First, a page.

By Amy Carr
Two days before Christmas, I held a friend’s four day old infant boy in my arms shortly after a tornado appeared in our west central Illinois county — amid a strange mix of sunshine, rain, moving mountains of fraying clouds, and a bright moon sturdily declaring itself as the clouds scurried aside and the sky deepened towards blue dusk.
I am thinking of the wise men. Foreigners they were — from further east in what we now call the Middle East — pushing through or walking around every barrier to their setting eyes upon the Christ child.
They duly noted the paranoid political leader in their day, Herod the Great, though only after unwittingly stoking his jealous fears that sparked a slaughter of male infants under two years of age. Herod’s gaze was focused on the prospect of his own diminishing by a rival king adored as the long-awaited Jewish Messiah.
It has been a tumultuous December in my university community, with a list of over 40 faculty to be laid off, and more in a second round come spring. At the moment it is unclear how many of the layoffs will actually occur, and which of our academic programs will be eliminated. Will alternative forms of spending cuts be found? Will the Illinois state legislature agree on a long overdue budget?
It is tempting to compare Governor Rauner to Herod, although here the damage is through sins of omission rather than commission. Rauner has been vocal about wanting to privatize Illniois’ public universities and, in the shorter term, slash university budgets 30% and gut collective bargaining rights. It is as if Rauner is depriving public higher education institutions of oxygen and watching to see the ways they self-destruct.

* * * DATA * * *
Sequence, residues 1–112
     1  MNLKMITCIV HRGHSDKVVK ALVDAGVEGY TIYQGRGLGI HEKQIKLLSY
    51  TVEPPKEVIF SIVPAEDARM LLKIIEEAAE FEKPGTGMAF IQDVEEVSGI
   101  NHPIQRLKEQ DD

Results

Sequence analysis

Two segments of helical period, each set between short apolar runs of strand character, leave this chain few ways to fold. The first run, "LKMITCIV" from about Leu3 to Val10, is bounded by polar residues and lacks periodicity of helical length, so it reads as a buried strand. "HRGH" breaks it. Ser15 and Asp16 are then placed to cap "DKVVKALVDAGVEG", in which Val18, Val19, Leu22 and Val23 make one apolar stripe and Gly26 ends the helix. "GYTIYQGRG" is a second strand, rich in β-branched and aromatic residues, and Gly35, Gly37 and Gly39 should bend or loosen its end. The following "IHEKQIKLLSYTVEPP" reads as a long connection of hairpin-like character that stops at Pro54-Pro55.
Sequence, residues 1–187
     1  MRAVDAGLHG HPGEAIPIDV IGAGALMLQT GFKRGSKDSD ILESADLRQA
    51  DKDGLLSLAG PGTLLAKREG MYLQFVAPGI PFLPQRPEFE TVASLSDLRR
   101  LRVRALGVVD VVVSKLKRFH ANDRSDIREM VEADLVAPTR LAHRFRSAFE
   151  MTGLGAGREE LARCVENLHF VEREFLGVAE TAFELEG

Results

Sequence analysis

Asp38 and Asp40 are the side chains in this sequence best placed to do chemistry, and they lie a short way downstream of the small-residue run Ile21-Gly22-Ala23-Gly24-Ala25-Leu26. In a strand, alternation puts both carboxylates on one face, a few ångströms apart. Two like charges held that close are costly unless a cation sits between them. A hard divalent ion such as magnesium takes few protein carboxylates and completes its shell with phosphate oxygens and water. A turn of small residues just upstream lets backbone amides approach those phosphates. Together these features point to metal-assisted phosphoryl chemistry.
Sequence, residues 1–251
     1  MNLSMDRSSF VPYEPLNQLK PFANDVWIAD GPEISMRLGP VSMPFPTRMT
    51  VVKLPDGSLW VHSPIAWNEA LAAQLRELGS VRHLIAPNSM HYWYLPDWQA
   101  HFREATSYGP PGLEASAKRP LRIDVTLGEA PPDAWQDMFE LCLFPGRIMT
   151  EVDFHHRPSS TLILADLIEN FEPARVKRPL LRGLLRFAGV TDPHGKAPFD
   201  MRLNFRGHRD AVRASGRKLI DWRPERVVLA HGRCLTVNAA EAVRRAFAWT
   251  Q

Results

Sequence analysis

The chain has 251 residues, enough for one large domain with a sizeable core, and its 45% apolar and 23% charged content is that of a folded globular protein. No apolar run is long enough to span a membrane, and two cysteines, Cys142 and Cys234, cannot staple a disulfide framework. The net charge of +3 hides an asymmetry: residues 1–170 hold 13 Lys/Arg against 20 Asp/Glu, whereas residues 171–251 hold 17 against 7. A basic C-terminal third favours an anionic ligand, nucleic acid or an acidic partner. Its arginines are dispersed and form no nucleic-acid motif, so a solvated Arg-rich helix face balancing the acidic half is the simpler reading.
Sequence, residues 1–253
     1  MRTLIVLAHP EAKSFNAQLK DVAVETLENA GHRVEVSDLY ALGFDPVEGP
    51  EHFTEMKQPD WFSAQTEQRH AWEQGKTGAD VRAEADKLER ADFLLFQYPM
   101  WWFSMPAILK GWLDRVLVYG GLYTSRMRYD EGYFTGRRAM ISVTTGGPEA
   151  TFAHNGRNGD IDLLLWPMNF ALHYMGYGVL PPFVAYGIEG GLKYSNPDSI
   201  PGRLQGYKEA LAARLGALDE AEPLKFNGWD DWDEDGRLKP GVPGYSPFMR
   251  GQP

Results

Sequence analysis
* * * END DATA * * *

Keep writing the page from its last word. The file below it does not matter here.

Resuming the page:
Of course, blame for underfunded schools is bipartisan and goes back decades.
All the same, many of us among the faculty feel we have the wind knocked out of us, our work devalued. And our students don’t know if their state grants will continue to be funded by universities that are draining their reserves to front the aid money promised by the state.
So this year, I am noticing how the wise men keep their eyes on a star, not letting even their own mistakes in trusting Herod deter them. “Westward leading, still proceeding,” they are foreigners with a mission — not to terrorize, but to adore the One who comes incarnate in a newborn.
The wise men invest in a future whose fruition they themselves will not see with their own eyes. And like the prophets, they perceive that the promise of a Jewish messiah will bless the world — albeit at great cost.
During times when the fabric of communities is being ripped apart — locally or globally — I hope we too will locate the stars that remind us of what gives us bearings. The reality of things is determined not by turmoil, not even by home (the wise men had journeyed far from it), but by a divine gift that has arrived to be with us.
Whether this season is ordinary or extraordinary for us, may we journey with the focus and fortitude of the wise men. May we keep our eyes upon — and feet towards — the basis for hope testified to by ancient words of scripture and a strange bright star.
Journeying with the wise men, we too can find and hold fast to the Christ, who comes with the vulnerability of a newborn and the might of God.